Article Text

Download PDFPDF
Floating abscess in the inferior vena cava
  1. Shogo Shirota1,2,
  2. Satoshi Yoshikawa2
  1. 1 General Internal Medicine, Kobe City Medical Center General Hospital, Kobe, Japan
  2. 2 Emergency and General Internal Medicine, Rakuwakai Marutamachi Hospital, Kyoto, Japan
  1. Correspondence to Dr Shogo Shirota, General Internal Medicine, Kobe City Medical Center General Hospital, Kobe 650-0047, Japan; fanshawe365{at}

Statistics from

Request Permissions

If you wish to reuse any or all of this article please use the link below which will take you to the Copyright Clearance Center’s RightsLink service. You will be able to get a quick price and instant permission to reuse the content in many different ways.

A 92-year-old woman presented to the emergency department with fever. She had no relevant medical history. On physical examination, the abdomen was soft and non-tender. Contrast-enhanced abdominal CT scan revealed a caudate lobe liver abscess with rupture into the retroperitoneal cavity (figure 1). Blood culture was positive for Klebsiella pneumoniae. Fever persisted even after the administration of intravenous antibiotics and percutaneous drainage, and CT re-examination showed no remote abscess but a new filling defect in the inferior vena cava (IVC) (figure 2A), suggesting a thrombus. However, X-ray fluoroscopy revealed a floating mass filled with contrast material, indicating an abscess extending …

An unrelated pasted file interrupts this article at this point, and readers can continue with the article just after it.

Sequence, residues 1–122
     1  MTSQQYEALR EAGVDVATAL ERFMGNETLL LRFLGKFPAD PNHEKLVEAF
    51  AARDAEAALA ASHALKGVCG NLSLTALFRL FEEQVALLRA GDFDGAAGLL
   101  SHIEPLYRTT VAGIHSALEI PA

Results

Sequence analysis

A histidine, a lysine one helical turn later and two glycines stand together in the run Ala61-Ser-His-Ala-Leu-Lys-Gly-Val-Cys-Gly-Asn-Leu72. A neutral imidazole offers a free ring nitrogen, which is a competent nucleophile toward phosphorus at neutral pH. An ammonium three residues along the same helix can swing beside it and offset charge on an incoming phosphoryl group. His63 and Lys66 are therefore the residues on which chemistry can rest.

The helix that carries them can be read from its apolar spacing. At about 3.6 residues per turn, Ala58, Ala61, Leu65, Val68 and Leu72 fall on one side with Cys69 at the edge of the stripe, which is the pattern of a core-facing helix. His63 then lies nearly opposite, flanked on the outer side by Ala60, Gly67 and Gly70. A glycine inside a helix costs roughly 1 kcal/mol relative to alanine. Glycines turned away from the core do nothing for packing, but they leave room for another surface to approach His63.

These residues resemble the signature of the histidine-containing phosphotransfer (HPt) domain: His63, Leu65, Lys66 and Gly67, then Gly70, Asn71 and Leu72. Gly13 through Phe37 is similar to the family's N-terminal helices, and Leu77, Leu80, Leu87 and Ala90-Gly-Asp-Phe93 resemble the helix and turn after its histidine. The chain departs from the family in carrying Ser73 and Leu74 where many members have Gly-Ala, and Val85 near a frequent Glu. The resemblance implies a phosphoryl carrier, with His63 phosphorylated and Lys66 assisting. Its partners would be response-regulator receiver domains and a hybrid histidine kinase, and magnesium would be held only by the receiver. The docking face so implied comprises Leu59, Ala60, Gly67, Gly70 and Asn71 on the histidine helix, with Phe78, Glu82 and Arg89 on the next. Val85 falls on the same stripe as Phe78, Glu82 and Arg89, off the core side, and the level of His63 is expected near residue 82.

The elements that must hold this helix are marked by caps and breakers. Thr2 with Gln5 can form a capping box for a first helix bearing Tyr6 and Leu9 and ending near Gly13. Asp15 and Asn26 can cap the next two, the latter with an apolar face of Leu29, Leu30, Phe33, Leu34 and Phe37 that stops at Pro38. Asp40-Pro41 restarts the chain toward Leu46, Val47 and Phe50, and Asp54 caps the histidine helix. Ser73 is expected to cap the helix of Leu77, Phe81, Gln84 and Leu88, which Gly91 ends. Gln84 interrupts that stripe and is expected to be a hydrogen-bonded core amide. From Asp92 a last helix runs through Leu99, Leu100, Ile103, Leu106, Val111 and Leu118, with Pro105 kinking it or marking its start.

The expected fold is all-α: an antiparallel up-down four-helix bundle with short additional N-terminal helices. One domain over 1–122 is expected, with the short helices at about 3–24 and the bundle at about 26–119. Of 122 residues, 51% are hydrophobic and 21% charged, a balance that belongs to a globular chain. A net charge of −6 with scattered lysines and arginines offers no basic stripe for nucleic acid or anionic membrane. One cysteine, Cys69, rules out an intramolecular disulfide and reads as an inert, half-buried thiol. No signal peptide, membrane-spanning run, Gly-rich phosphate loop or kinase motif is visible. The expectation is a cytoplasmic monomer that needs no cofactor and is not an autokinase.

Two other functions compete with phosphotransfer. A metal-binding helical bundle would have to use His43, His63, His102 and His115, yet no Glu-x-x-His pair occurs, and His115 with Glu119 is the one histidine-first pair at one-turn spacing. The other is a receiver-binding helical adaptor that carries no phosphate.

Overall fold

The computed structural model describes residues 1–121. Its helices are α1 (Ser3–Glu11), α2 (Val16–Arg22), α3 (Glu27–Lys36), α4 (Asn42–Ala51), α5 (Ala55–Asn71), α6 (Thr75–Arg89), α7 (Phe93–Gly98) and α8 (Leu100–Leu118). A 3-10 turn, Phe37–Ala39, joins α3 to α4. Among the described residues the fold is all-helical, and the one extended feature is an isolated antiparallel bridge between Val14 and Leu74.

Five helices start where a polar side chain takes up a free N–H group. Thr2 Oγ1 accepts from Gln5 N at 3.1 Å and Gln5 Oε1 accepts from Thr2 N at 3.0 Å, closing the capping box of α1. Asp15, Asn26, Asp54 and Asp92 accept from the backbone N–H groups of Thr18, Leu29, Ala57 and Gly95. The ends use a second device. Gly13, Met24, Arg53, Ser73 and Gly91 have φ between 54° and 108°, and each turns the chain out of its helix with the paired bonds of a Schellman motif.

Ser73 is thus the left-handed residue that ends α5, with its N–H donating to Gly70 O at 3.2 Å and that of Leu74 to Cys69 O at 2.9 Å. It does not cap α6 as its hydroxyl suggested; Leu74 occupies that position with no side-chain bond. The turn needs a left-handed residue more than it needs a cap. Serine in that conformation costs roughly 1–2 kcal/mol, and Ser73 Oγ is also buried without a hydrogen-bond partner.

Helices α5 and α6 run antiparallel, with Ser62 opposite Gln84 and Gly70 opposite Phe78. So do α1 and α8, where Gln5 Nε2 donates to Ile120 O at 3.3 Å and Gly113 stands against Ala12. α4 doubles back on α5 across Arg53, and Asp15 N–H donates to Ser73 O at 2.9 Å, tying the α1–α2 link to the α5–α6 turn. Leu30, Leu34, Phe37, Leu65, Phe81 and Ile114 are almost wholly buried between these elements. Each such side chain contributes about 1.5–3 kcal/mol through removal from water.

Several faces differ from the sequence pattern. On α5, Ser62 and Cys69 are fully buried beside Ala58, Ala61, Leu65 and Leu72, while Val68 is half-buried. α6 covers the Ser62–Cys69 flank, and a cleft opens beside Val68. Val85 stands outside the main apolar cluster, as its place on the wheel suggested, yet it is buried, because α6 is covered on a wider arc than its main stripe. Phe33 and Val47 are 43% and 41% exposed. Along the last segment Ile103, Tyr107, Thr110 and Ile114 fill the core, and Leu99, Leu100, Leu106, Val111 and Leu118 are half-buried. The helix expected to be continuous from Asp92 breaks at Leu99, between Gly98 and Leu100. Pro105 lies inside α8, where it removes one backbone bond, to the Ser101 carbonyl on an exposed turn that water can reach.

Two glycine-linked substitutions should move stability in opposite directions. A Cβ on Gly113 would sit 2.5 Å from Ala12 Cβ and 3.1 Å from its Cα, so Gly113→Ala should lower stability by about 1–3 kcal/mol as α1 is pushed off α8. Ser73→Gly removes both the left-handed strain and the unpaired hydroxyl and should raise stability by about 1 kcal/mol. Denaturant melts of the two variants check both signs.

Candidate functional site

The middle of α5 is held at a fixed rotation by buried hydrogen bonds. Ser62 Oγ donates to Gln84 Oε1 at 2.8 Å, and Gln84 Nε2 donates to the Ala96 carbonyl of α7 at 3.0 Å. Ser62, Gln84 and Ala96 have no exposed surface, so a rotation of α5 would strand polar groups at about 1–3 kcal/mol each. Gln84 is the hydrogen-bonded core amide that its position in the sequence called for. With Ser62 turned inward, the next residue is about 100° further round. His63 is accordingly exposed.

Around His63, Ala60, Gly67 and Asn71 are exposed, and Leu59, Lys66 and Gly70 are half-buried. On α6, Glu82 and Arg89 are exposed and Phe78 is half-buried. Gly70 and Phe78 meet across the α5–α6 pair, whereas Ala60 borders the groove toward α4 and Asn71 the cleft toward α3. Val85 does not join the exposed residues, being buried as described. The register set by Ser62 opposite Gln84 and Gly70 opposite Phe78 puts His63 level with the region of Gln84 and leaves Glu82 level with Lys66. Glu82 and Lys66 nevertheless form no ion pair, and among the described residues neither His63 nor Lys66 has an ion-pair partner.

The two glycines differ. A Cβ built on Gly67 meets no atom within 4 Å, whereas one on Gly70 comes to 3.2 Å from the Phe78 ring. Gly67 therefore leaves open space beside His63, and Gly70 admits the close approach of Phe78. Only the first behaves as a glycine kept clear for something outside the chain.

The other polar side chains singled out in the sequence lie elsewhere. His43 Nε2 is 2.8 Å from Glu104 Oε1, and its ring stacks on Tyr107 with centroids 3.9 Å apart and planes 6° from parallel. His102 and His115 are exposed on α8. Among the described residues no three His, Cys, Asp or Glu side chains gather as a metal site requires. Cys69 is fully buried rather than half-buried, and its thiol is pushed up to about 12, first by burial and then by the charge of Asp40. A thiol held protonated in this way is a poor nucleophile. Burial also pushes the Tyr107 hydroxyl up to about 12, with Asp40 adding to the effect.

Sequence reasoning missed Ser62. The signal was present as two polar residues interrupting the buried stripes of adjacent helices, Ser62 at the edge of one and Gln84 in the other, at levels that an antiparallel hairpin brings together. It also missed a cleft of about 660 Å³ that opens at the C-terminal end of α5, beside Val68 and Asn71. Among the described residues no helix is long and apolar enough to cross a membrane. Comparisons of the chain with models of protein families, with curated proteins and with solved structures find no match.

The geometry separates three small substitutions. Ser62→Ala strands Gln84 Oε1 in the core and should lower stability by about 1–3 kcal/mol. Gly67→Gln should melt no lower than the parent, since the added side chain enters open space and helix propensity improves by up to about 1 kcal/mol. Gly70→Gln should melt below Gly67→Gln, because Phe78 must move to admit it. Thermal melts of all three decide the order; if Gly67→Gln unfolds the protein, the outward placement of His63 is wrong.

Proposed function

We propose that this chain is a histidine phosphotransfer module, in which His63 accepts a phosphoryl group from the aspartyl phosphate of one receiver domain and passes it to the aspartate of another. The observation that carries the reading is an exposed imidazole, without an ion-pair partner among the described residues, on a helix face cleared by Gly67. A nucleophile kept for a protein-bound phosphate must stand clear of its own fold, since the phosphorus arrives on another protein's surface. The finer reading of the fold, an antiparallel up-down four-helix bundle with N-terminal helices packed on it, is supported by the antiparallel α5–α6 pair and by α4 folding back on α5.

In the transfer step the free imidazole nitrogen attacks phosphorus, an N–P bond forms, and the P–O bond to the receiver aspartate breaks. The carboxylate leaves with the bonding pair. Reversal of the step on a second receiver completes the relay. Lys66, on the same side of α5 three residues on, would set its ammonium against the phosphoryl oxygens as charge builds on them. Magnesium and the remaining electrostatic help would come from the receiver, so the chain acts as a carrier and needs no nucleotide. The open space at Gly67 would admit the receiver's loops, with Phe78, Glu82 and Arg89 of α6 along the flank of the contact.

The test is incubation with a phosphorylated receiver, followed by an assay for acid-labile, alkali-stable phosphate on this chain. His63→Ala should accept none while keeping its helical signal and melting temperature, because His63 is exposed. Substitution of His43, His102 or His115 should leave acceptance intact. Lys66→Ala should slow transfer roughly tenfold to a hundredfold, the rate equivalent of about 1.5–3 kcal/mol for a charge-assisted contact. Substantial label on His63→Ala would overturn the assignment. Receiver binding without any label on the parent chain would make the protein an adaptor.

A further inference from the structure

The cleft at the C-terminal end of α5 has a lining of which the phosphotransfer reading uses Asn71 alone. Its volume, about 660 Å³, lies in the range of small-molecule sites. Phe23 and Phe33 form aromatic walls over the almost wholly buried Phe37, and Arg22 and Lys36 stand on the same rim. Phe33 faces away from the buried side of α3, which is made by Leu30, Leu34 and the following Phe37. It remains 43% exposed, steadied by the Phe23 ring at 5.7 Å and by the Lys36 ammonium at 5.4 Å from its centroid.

View Full Text


  • Contributors All authors treated the patient and prepared the manuscript, primarily written by SS. Performed the percutaneous drainage and supervised the workup: SY.

  • Funding The authors have not declared a specific grant for this research from any funding agency in the public, commercial or not-for-profit sectors.

  • Competing interests None declared.

  • Provenance and peer review Not commissioned; externally peer reviewed.

  • Supplemental material This content has been supplied by the author(s). It has not been vetted by BMJ Publishing Group Limited (BMJ) and may not have been peer-reviewed. Any opinions or recommendations discussed are solely those of the author(s) and are not endorsed by BMJ. BMJ disclaims all liability and responsibility arising from any reliance placed on the content. Where the content includes any translated material, BMJ does not warrant the accuracy and reliability of the translations (including but not limited to local regulations, clinical guidelines, terminology, drug names and drug dosages), and is not responsible for any error and/or omissions arising from translation and adaptation or otherwise.